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The Effects of Dietary Cholesterol on Metabolism and Daily Torpor Patterns in Siberian Hamsters
Małgorzata Jefimow, Maciej Ostrowski, Anna Jakubowska and Michał S. Wojciechowski
Physiological and Biochemical Zoology: Ecological and Evolutionary Approaches
Vol. 87, No. 4 (July/August 2014), pp. 527-538
Published by: The University of Chicago Press. Sponsored by the Division of Comparative Physiology and Biochemistry, Society for Integrative and Comparative Biology
Stable URL: http://www.jstor.org/stable/10.1086/676319
Page Count: 12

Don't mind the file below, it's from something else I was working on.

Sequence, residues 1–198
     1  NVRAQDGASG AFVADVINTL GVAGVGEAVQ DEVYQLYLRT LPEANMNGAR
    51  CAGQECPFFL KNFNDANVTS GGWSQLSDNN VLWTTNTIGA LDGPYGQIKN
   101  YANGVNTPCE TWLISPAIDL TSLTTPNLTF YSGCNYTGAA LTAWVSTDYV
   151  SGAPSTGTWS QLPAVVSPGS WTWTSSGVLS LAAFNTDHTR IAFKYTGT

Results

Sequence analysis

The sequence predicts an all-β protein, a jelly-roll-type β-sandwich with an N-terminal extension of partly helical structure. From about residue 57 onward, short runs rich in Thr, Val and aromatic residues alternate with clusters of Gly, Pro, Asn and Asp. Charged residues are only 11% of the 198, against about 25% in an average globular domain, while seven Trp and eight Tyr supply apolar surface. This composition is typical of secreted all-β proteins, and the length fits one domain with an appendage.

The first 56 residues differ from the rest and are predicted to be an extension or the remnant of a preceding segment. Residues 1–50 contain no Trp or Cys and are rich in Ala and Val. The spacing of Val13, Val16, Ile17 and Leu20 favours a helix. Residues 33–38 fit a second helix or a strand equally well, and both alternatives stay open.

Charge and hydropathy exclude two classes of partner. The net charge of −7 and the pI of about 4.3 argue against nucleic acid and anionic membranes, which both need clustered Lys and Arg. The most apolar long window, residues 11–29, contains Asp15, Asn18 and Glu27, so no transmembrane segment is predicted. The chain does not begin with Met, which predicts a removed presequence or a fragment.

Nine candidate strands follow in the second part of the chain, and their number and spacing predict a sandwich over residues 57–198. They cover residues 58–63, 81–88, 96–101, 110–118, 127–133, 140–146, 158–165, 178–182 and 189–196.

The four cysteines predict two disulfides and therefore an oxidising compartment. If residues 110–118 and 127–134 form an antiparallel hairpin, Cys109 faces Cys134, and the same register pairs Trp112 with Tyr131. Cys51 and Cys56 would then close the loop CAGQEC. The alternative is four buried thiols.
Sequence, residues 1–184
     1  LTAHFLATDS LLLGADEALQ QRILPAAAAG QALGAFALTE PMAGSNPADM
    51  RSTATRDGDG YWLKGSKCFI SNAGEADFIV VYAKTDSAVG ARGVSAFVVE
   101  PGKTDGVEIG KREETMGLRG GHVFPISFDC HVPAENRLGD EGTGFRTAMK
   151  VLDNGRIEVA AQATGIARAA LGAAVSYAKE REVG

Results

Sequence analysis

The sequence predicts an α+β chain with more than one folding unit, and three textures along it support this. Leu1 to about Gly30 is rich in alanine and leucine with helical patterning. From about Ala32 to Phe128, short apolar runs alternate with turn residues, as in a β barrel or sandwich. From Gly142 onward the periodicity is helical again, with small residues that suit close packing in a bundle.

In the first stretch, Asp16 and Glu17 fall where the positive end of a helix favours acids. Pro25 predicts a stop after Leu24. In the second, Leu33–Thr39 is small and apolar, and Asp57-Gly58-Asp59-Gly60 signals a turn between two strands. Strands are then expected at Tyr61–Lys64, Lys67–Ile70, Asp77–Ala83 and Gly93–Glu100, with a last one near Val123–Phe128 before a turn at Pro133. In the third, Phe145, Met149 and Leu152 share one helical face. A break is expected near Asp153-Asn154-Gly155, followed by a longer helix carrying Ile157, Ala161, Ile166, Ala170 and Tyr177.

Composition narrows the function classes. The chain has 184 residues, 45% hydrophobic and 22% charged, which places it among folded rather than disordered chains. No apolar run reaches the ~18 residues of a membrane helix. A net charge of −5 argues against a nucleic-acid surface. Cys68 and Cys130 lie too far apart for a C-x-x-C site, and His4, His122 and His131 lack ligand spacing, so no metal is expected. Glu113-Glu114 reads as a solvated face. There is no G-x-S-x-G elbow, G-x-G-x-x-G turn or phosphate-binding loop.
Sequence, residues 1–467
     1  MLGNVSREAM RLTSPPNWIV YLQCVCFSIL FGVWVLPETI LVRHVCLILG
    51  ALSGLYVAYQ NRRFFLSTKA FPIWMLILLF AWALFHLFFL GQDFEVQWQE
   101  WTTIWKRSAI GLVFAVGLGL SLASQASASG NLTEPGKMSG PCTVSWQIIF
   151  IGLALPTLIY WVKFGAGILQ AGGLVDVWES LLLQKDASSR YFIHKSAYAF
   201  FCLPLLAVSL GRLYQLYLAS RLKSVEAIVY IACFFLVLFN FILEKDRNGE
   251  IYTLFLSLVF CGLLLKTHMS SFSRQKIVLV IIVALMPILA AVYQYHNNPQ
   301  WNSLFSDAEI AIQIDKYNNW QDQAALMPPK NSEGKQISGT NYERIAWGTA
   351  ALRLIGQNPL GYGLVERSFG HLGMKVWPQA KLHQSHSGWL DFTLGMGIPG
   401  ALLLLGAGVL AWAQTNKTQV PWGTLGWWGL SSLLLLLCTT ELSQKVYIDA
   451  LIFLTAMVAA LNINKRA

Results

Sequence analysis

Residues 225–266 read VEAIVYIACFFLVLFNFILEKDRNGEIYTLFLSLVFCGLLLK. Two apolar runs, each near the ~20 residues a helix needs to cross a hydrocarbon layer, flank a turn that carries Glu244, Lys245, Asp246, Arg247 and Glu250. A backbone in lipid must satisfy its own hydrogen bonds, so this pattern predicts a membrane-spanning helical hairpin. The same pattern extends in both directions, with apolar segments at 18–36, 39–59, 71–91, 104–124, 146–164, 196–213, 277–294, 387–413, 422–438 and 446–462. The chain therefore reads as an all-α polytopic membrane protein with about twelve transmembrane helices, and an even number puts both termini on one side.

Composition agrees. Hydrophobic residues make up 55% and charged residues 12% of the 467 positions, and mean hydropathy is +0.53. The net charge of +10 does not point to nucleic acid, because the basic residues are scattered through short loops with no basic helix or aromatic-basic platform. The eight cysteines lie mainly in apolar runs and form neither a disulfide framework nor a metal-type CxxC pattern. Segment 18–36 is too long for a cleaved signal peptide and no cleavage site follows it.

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AbstractThe concentrations of fatty acids in the diet influence torpor in numerous species of mammals. Much less is known, however, about the potential effects of other types of dietary lipids. One study demonstrated that increasing dietary cholesterol levels during fall feeding increased torpor bout length and also decreased minimum body temperatures during hibernation by chipmunks. Another hibernation study with ground squirrels revealed that the cholesterol contents of both the cerebral cortex and the microsomes were significantly greater during arousal episodes than during torpor bouts, suggesting that cholesterol plays a role in preserving brain function during torpor. We thus predicted that dietary cholesterol enhances daily torpor in mammals as well. We also predicted that the level of cholesterol found in mammalian brain tissues during daily torpor increases with that of the diet. These hypotheses were tested in a series of laboratory feeding and daily torpor experiments involving Siberian hamsters (Phodopus sungorus) maintained on semisynthetic diets varying only in cholesterol content. Hamsters that were maintained on diets with cholesterol contents of 0.3%–2.5% during the summer entered winter daily torpor spontaneously, whereas those that were fed diets that contained no cholesterol did not. This is the first study to demonstrate the effects of a cholesterol-free diet on mammalian torpor. The presence of cholesterol in the summer diet also increased the level of cholesterol found in the brains of hamsters during the winter daily torpor period, but it did not during the summer. These findings support our hypotheses that dietary cholesterol is permissive for daily torpor in mammals and that it also increases brain cholesterol levels during the winter.
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